Oral Answers to Questions — Engineering and Shipbuilding Trades.

– in the House of Commons on 9th March 1922.

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Lord H. CAVENDISH BENTINCK:

34.

asked the Prime Minister whether, in view of the threatening situation in the engineering and shipbuilding industries and also in view of the necessity for the disputes in question to be considered from a national rather than a sectional point of view, the Government will once more issue invitations to the representatives of the trade and industry of the country to meet in an industrial Council; and whether they will give a pledge that they will submit in good faith the recommendations of the Council to the sanction of Parliament should they require such sanction?

Mr. CHAMBERLAIN:

In the case of the shipbuilding industry, my right hon. Friend the Minister of Labour has been able to arrange for negotiations to be resumed between the parties. In the case of the engineering industry, the negotiations between the parties which were resumed at the suggestion of the Minister of Labour have not led to agreement, but my right hon. Friend is in close touch with the parties.

Photo of Sir John Norton-Griffiths Sir John Norton-Griffiths , Wandsworth Central

Is it the fact that the Government intervention in this case has been by request of the employés or the employers. Would it not be better to leave, it to the masters and the men to settle these disputes by themselves?

Photo of Colonel Josiah Wedgwood Colonel Josiah Wedgwood , Newcastle-under-Lyme

What is the use of leaving it to the masters and the men when one side are all powerful and the other helpless? [HON MEMBERS: "Which"?]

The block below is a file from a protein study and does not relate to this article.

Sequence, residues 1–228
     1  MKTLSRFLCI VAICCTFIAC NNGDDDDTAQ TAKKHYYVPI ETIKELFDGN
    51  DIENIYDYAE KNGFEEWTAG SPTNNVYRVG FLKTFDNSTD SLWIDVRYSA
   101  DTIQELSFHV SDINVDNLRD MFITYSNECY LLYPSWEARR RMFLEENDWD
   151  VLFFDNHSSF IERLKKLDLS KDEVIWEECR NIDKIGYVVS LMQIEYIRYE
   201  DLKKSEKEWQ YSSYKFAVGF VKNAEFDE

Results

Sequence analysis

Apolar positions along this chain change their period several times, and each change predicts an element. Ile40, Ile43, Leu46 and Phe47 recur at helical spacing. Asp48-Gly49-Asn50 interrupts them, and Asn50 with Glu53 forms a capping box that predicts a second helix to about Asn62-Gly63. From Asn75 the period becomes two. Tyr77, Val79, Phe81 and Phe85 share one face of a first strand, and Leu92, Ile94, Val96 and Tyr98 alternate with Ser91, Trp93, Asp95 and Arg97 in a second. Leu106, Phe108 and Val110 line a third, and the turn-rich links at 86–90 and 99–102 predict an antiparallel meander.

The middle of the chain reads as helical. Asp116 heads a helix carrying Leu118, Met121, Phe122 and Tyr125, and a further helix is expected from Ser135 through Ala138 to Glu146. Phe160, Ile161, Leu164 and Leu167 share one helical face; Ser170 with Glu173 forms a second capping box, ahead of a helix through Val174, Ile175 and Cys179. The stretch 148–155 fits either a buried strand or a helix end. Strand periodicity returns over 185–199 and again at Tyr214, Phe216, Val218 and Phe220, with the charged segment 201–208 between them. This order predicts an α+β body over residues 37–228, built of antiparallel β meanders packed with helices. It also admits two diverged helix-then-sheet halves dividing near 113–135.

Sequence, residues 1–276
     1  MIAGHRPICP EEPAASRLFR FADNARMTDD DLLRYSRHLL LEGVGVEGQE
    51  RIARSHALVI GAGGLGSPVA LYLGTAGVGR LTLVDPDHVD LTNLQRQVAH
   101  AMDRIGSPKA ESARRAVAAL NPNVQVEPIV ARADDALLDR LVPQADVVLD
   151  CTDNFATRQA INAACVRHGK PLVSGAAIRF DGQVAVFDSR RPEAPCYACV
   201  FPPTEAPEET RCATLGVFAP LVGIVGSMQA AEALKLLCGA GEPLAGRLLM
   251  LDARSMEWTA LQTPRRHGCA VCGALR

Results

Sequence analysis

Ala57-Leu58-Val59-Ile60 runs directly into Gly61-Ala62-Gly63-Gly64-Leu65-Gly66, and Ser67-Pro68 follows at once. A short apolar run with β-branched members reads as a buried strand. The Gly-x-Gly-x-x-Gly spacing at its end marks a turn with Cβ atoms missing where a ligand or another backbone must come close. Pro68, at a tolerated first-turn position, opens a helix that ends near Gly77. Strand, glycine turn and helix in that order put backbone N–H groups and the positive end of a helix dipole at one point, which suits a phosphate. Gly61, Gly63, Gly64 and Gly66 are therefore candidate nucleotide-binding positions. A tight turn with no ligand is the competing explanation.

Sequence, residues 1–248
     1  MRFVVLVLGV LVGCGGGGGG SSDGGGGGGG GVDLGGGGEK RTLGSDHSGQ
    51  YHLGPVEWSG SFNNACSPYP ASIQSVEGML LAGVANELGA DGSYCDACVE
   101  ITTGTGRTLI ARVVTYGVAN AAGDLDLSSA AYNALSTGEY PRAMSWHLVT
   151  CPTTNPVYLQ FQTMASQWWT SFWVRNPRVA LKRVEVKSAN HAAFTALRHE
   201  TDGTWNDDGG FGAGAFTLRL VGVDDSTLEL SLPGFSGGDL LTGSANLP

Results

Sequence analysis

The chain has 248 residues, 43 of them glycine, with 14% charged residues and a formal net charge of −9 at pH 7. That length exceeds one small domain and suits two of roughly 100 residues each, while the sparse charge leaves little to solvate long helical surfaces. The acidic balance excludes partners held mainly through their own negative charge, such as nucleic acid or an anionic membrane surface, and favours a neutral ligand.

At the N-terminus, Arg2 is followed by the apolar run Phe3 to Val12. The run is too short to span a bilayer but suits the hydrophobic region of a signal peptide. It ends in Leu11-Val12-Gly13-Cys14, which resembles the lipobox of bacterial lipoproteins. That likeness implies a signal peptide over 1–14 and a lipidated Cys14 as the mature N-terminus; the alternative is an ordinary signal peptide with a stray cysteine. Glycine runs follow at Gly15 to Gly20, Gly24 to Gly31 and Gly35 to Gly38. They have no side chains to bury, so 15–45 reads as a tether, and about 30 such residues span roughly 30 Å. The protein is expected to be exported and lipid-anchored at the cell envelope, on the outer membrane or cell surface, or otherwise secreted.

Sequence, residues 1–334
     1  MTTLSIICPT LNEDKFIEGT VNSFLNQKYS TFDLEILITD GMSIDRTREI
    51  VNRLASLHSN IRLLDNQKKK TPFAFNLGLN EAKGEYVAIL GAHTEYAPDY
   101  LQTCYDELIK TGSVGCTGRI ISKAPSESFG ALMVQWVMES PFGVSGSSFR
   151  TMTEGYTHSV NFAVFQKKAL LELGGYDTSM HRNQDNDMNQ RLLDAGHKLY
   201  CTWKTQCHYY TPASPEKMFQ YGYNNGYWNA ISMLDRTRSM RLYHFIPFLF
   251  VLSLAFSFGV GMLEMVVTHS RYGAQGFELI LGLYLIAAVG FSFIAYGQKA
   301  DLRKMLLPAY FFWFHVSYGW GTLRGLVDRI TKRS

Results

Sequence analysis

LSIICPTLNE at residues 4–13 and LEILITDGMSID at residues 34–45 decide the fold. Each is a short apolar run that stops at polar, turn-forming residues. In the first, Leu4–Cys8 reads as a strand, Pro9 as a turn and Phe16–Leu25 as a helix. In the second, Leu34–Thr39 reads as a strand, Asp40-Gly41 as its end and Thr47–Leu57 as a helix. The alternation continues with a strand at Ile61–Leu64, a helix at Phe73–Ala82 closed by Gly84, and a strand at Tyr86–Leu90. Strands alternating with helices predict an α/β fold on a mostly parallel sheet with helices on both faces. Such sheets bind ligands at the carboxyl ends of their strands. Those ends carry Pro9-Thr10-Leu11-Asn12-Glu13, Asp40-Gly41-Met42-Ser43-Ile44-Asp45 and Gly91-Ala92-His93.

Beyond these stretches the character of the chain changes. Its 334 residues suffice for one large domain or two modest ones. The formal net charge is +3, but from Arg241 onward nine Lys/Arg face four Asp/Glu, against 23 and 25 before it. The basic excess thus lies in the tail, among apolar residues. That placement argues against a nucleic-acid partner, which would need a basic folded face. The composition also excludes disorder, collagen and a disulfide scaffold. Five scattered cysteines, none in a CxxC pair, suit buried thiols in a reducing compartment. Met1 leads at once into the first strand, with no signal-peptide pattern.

Mr. CHAMBERLAIN:

I think I can give an answer which is not controversial. It is obviously always better in the interests of all parties that these disputes should be settled, if possible, between employers and employed, without the intervention of anybody else, but when so grave a calamity threatens the nation as a disturbance of trade of the magnitude that might be caused by this dispute, it does become the duty of the Government—when the parties concerned have failed—to try, if they can, in any way to avert the calamity.

Photo of Lord Henry Cavendish-Bentinck Lord Henry Cavendish-Bentinck , Nottingham South

Does not the right hon. Gentleman agree that it would be better if these disputes were settled from the national point of view?

Photo of Mr John Mills Mr John Mills , Dartford

Has the right hon. Gentleman considered this proposition in regard to this matter, that in the Dartford division there are 2,000 engineers out of work, and the community are called upon to pay them unemployment dole, while other men may be working two weeks in one; and does not the engineering employer get money at the public expense?

Mr. CHAMBERLAIN:

I do not think it will help a solution of this question by airing grievances of our constituencies.